Wednesday, January 16, 2013

See? It's a command line.

Let's jump right in. Open up your favorite web browser and what will you see? You'll see a very well disguised command line interface for your computer. The location (or address) field is a classic command line.

What are the benefits of a command line interface, as opposed to a point-and-click interface, such as a modern tablet interface? You can go from anywhere to anywhere. The command line interface is open-ended. It is ad-hoc. You can do things that you have never done before. You can do things once.

Some years ago, a certain software company predicted the demise of the command line interface. They claimed that, in the near future, the command line interface would disappear completely from your interaction with a digital device. With the introduction of the browser, some were triumphant and hailed the end of the command line interface.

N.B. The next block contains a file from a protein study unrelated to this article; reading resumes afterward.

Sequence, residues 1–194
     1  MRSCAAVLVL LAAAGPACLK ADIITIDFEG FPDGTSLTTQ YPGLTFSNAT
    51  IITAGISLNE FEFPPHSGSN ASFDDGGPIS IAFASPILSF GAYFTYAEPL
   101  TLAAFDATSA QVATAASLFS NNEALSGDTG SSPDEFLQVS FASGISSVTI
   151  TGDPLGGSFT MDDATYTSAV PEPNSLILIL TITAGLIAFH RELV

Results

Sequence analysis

But, take another look. Think about it. The location field is a command line. The protocol or scheme is the command, such as HTTP and HTTPS, FTP and FTPS. When you type a uniform resource location on a command line and press the Enter key, you are commanding the computer to do something for you, aren't you?

Since the command line has been moved to the browser, why don't we finish it? Why can't we use the classic commands in a browser? Why can't we connect to another computer and use classic commands in a browser? Enough of my rant. I have been there, done that. The CjOS project demonstrates that, not only can it be done securely, it should be done. It would enable a classic menu created from independently compiled (and simple) programs. A command would offer a list of other commands that you might want to use.

On Linux, for example, I want to use "man ifconfig" in my favorite browser and get a man page. It can be done, and it should be.

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